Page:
Unfortunately, summer is known as "trauma season" at Harborview when we see a peak of youth injuries, especially head trauma. In addition to summer recreational activities, youth around our area are starting camps and early practices for the fall sports season. So, this is an opportune time to review concussions, a very hot topic in pediatrics (and society-at-large, for that matter). We as pediatricians are increasingly called upon to address these injuries in clinic and clear youth for return to activities. Below are teaching materials for this week. Also check out R3 Emilie Weigel's great RCP review on concussion which she presented this month.
Key take-home points for concussions:
- Epidemiology: Concussion accounts for an estimated 8.9% of high school athletic injuries, and this is likely a low estimate due to underreporting. Football has the highest incidence of concussion, but girls have higher concussion rates than boys do in similar sports (possibly due to higher reporting). Loss of consciousness occurs in about 10% of concussions-but may signal a more severe injury.
- Concussion definition: complex pathophysiological process affecting the brain with 5 common features:1) induced by traumatic forces to the head, either directly or indirectly, 2) rapid onset of short-lived neurologic impairment that resolves spontaneously, 3) may have neuropathological changes but these are functional more than structural, 4) a graded set of clinical symptoms which resolve following a sequential course, however, symptoms may be prolonged, and 5) no structural abnormality on standard neuroimaging.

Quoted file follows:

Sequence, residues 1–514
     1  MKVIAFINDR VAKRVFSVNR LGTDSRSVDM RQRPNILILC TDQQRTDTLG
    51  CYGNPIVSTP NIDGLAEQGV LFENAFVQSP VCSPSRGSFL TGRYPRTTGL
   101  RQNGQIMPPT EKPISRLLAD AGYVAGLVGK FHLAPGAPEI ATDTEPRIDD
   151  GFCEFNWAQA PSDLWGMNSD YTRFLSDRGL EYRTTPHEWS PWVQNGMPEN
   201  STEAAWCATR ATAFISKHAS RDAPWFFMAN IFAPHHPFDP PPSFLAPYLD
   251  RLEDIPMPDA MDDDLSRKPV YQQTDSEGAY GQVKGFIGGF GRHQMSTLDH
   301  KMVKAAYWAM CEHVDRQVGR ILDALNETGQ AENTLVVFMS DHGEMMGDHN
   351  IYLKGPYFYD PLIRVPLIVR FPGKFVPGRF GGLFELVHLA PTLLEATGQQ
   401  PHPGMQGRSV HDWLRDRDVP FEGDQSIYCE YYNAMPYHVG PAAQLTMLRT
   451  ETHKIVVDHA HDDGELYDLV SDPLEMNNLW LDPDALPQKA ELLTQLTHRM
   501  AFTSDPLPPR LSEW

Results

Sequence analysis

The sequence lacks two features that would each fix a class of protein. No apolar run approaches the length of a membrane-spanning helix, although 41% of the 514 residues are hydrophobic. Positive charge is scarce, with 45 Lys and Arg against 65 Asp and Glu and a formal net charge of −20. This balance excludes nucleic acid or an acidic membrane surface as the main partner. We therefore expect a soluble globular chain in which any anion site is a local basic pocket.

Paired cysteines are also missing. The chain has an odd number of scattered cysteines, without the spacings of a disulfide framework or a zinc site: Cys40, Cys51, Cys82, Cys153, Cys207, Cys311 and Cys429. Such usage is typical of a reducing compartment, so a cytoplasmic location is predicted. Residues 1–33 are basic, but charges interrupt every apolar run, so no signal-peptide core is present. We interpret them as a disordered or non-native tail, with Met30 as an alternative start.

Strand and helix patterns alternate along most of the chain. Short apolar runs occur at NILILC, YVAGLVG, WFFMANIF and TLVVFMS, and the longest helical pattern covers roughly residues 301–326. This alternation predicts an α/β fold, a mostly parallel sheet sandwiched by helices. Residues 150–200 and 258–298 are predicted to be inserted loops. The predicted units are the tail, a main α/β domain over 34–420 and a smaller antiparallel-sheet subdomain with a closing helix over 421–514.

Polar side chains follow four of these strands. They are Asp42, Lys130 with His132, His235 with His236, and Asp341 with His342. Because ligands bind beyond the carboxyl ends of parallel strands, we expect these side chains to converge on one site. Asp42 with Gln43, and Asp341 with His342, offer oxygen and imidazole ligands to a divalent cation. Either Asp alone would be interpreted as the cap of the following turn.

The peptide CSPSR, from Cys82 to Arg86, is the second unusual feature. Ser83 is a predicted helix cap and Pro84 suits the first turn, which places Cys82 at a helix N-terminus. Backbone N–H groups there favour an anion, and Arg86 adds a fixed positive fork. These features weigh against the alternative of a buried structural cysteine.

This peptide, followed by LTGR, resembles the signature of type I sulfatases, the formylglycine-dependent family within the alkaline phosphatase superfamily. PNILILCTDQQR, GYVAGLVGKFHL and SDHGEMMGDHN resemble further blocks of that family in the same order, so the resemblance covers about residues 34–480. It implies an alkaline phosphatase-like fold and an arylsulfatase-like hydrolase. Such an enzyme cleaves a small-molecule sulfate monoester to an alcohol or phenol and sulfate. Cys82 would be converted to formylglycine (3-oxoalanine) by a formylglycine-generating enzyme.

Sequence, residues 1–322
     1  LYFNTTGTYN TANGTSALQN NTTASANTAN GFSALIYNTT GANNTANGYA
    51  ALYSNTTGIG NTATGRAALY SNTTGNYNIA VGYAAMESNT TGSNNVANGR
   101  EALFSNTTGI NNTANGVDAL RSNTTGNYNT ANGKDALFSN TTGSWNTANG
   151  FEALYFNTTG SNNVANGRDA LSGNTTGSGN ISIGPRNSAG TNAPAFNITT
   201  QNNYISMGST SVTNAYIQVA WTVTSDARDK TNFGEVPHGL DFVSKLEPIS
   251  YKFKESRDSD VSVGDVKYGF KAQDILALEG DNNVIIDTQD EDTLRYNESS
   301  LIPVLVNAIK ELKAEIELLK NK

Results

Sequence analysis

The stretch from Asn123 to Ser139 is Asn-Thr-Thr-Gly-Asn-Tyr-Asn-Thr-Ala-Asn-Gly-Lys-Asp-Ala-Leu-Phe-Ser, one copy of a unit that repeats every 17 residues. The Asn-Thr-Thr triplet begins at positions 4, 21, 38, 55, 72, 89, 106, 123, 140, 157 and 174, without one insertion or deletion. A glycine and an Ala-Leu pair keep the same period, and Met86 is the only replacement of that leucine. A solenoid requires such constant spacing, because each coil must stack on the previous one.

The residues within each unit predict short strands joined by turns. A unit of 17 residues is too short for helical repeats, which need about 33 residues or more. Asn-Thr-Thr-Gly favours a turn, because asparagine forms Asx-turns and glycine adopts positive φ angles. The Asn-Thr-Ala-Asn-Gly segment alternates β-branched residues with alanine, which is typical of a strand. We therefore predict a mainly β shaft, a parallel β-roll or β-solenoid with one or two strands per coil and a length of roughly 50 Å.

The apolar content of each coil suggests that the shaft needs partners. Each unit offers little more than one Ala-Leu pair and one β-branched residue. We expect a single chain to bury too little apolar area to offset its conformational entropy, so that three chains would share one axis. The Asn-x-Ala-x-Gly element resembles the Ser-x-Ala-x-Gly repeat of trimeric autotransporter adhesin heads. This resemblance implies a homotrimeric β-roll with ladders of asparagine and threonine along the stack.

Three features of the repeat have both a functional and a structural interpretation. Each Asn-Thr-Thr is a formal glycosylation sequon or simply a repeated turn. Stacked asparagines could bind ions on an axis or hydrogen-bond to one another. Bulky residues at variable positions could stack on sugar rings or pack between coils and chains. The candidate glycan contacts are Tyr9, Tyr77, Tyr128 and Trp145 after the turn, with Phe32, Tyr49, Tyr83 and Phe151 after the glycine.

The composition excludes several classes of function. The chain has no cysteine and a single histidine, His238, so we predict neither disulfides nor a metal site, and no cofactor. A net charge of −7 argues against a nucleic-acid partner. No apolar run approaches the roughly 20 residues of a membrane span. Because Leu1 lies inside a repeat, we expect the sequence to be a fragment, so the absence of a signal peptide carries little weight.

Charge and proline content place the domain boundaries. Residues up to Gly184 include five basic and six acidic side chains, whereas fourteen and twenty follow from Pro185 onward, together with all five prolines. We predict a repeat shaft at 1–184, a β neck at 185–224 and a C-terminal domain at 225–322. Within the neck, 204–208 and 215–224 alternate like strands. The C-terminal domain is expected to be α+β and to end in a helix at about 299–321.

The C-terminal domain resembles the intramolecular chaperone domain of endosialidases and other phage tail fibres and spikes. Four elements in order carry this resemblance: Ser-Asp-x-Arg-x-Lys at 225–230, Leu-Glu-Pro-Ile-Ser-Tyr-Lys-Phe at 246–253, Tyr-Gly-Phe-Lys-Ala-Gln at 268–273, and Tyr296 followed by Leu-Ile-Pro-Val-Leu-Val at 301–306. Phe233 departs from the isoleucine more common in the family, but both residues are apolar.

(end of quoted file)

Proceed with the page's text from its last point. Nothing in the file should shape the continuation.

- Work-up should include history of event including loss of consciousness, amnesia, prior injuries, and current symptoms. Assess 4 broad categories of symptoms–physical, cognitive, emotional, and sleep. Be sure to ask parents, not just patients. Also review any assessments done at the time of injury (e.g. SCAT3, etc). You can also complete these in the office, such as the SCAT3 version used at HMC. Physical exam should include GCS scoring, and examinations of the head, neck, pupils, and a full neurologic exam including gait, balance, coordination, and orientation.
- Imaging: CT scans are not routinely indicated unless there are significant symptoms including severe headache, vomiting, worsening symptoms, or neuro changes suggestive of more serious injury. See HMC algorithm for determining need for CT after head injury. This HMC algorithm is based on the national Pediatric Emergency Care and Research Network (PECARN) criteria. This helps avoid unnecessary imaging, while covering those who still need it.
- Treatment: Fortunately, most people recover from concussions within 7-10 days, but youth may take longer than adults. After concussion diagnosis, we recommend a gradual return to play with 24 hours at each stage (e.g., rest, walking, light aerobic activity, higher exertion, practice, scrimmage, games)-this generally means about a week before full return. Do not progress if there are symptoms at any stage. Here's a handout to use that reviews return to play. We should also recommend gradual return to learning, and youth may need accommodations before returning to full cognitive performance, such as test-taking.
Check out resources from our sports medicine experts here.
Have a great week!